Now, we describe how the linear stability of the cylinder solutions depends on the parameters using the bifurcation diagram. First, we observe the bifurcation diagram for fixed N = 8. By varying α, we found the critical value α* ≈ 60.4° at which the appearance of the bifurcation diagram changes. So, we use the representative cases α = 45° < α* and α = 65° > α* for further observing the bifurcation diagram for these cases. We found some critical values of β where the number of cylinder solutions or their linear stability change, i.e., whether waterbomb tube can be wave-like surface changes. We also explain the differences between the two cases. Finally, we show that we can apply the observations of the case of N = 8 for the other N.
Here, we fix N = 8. Under fixed N, we can create the 3D bifurcation diagram by varying the value α in range (0, 90°) and arranging the 2D bifurcation diagrams for each α (right in Fig. 9). From the 3D diagram, we found the critical value α* ≈ 60.4° where the behavior of the bifurcation diagram changes. The behaviors of the bifurcation diagram for α < α* are represented by (α, N) = (45°, N = 8) (blue bifurcation diagram on the top-left in Fig. 9), while the bifurcation diagram for α > α* is represented by (α, N) = (65°, N = 8) (red bifurcation diagram on the bottom-left in Fig. 9).
First, we describe the behavior of the representative case of (α, N) = (45°, 8) described in the blue bifurcation diagram on the top-left in Fig. 9. As we change the remaining variable β, there are some critical value of β denoted by β*1, β*2, where the linear stability of a cylinder solution changes. As we increase β from 0, at β = β*1 ≈ 35.8°, the graph of y = f(w, w) and y = w touches and the fixed point that is saddle and center generated (saddle-node bifurcation). The branch of the fixed point that is saddle extends from the bottom of the graph at β = 45°. Then, at β = β*2 ≈ 46.1°, saddle-node bifurcation occurs again where the center and the saddle coincide and disappear. Thus, the system (3) has no cylinder solutions under β ∈ (0, β*1), two cylinder solutions (center and saddle) under β ∈ (β*1, 45°), three cylinder solutions (center and two saddle) under β ∈ (45°, β*2), and only one cylinder solution (saddle) under β ∈ (β*2, 135°). Here, Fig. 10 shows the part of the bifurcation diagram and the phase diagrams for β = 35°, 40°, 45.5°, and 50° belonging to (0, β*1), (β*1, 45°), (45°, β*2), and (β*2, 135°), respectively. Under β = 40° ∈ (β*1, 45°) and β = 45.5° ∈ (45°, β2°), there are nested cyclic plots around the center, which suggests the existence of a wave-like configurations. On the other hand, there are no cyclic plots in the other two diagrams, i.e., all solutions are finite solutions; therefore, waterbomb tube under cannot be wave-like surfaces. Thus, whether waterbomb tube can be wave-like surface or not changes at the bifurcation values.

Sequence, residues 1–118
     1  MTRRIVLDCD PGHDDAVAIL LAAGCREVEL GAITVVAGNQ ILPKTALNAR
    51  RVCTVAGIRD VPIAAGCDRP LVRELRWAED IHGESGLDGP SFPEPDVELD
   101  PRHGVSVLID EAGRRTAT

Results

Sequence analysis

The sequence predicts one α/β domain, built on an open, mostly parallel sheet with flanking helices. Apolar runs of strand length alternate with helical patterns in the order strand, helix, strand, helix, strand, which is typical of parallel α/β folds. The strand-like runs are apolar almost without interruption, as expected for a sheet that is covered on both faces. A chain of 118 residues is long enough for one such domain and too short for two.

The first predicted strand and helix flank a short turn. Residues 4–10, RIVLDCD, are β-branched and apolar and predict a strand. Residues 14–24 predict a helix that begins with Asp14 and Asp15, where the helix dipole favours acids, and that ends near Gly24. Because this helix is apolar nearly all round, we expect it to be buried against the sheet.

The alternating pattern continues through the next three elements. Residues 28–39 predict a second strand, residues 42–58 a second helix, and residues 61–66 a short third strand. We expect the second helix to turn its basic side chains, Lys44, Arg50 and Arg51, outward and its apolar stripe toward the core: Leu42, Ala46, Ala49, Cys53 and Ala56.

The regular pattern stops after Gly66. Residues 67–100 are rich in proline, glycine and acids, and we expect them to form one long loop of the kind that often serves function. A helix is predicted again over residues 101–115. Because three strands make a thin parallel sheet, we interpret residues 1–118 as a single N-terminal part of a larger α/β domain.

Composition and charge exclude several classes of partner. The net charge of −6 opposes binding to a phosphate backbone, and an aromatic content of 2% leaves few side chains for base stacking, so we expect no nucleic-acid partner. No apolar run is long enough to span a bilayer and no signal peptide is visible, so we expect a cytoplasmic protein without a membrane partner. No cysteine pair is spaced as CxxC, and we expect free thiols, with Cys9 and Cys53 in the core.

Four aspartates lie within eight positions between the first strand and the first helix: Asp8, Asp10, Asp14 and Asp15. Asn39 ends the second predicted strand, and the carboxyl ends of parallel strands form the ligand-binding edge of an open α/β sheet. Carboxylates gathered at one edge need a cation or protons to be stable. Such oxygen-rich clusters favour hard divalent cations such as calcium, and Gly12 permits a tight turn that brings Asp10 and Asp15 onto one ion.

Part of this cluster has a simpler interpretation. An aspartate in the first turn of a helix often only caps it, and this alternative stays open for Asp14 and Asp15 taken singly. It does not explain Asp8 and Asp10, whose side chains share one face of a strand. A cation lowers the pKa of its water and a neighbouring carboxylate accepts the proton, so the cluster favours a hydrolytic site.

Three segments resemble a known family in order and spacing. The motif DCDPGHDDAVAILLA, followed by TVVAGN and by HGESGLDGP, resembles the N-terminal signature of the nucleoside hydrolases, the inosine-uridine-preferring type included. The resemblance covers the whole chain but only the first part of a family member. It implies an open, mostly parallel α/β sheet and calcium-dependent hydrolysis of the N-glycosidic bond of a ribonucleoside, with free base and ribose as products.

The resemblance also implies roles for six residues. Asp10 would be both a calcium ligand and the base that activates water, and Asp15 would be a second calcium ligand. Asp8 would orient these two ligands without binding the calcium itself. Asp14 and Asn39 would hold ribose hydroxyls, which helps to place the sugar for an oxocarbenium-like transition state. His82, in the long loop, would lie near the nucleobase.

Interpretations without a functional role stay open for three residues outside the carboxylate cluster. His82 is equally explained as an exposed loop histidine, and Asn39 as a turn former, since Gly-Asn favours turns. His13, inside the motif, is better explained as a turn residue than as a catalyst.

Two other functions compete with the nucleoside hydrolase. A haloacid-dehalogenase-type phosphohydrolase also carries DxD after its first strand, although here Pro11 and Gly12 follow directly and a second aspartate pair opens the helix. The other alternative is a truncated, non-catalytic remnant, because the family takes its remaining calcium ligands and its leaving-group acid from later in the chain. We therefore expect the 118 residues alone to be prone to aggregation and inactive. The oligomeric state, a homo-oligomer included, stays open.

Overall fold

Next, for the case of (α, N) = (65°, 8), the red diagram in Fig. 9 shows that there are three critical values for β: β*1, β*2, and β*. As we increase β from 0, saddle-node bifurcation occurs at β = β*1 ≈ 27.8° in the same way as the α = 45°; however, as β is further increased, the linear stability changes at β = β* ≈ 52.3°, which is not observed in the case of α < α*. Furthermore, the branch of the center fixed point extends from the bottom of the graph at β = 65°. Finally, at β = β*2 ≈ 65.5°, saddle-node bifurcation occurs again where the saddle and the center coincide and disappear. From the above, in the case of α = 65°, the system (3) has zero, two (center and saddle), two (two saddles), three (two saddles and center), and one (saddle) cylinder solutions when β ∈ (0, β*1), (β*1, β*), (β*, 65°), (65°, β*2), and (β*2, 115°), respectively. Figure 11 shows the part of the bifurcation diagram and the phase diagrams for β = 25°, 40°, 49°, 57°, 65.1°, and 70° belonging to (0, β*1), (β*1, β*), (β*1, β*), (β*, 65°), (65°, β*2), and (β*2, 115°), respectively. In the top-right, middle-left, and bottom-left phase diagrams, there are the plots of wave-like solutions around the center; therefore, waterbomb tube has wave-like configurations. However, the wave-like configurations placed in each diagram self-intersect at some parts in the same way as the configuration in the bottom on the left side of Fig. 11, or this is caused by too small radius as for β = 65.1°, which means these wave-like configurations are not realizable. As for the middle-left diagram, we found the unstable nonsymmetric fixed points (x, y) ≈ (0.698488, 0.375731), (x, y) ≈ (0.375731, 0.698488) satisfying f(x, y) = g(x, y) = (x, y), which is not observed in the case of α = 45°, but the configurations of the module and the tube corresponding to the nonsymmetric fixed points are self-intersecting complicatedly as shown in Fig. 11. The other three diagrams, top-left, middle-right, and bottom-right on the right side of Fig. 11, having no wave-like solutions, which suggests that waterbomb tube cannot be wave-like surfaces if . Hence, bifurcation values are closely related to the possible forms of waterbomb tubes as in the case of α = 45°.
For cases other than N = 8, the top, middle, and bottom figure in Fig. 12 shows the 3D bifurcation diagrams for N = 6, N = 30, and N = 100, respectively. Comparing 3D diagrams under the different values of N in Figs. 9 and 12, the shape of the diagrams and the critical values α* depends on the values of N. However, the pattern formed by the dotted and solid lines is the same for the four different values of N; therefore, we can apply the features described for N = 8, i.e, the existence of critical values such as α*, β*1, β2*, β* and their relation with the behavior of waterbomb tube for N = 6, 30, and 100.